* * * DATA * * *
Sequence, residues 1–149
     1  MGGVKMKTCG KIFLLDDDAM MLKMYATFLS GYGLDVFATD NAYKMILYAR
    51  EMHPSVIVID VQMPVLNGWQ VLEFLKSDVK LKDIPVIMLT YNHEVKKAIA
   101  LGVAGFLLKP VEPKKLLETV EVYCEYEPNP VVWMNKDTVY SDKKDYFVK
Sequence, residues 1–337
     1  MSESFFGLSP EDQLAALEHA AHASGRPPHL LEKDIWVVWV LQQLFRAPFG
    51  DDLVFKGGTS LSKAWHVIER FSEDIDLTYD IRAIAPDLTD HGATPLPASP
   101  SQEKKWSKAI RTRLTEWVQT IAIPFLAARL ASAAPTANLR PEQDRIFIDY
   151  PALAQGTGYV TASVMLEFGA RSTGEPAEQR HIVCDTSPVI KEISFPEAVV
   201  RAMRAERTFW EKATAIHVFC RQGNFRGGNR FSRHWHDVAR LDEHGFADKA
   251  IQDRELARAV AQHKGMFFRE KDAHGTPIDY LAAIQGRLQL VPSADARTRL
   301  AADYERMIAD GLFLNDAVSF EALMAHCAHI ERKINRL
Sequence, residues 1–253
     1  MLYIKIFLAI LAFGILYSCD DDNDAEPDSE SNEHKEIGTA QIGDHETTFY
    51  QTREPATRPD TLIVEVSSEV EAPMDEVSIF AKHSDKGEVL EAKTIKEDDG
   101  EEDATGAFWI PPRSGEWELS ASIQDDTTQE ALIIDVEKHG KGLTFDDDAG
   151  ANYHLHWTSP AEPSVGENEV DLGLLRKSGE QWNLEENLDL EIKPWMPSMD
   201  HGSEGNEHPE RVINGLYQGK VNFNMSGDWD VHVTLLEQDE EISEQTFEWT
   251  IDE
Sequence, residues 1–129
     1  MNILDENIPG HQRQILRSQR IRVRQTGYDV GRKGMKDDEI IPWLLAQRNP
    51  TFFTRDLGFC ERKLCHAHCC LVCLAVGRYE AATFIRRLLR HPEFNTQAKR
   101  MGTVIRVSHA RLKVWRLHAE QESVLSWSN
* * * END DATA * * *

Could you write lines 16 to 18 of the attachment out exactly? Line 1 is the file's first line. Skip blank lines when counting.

   101  EEDATGAFWI PPRSGEWELS ASIQDDTTQE ALIIDVEKHG KGLTFDDDAG
   151  ANYHLHWTSP AEPSVGENEV DLGLLRKSGE QWNLEENLDL EIKPWMPSMD
   201  HGSEGNEHPE RVINGLYQGK VNFNMSGDWD VHVTLLEQDE EISEQTFEWT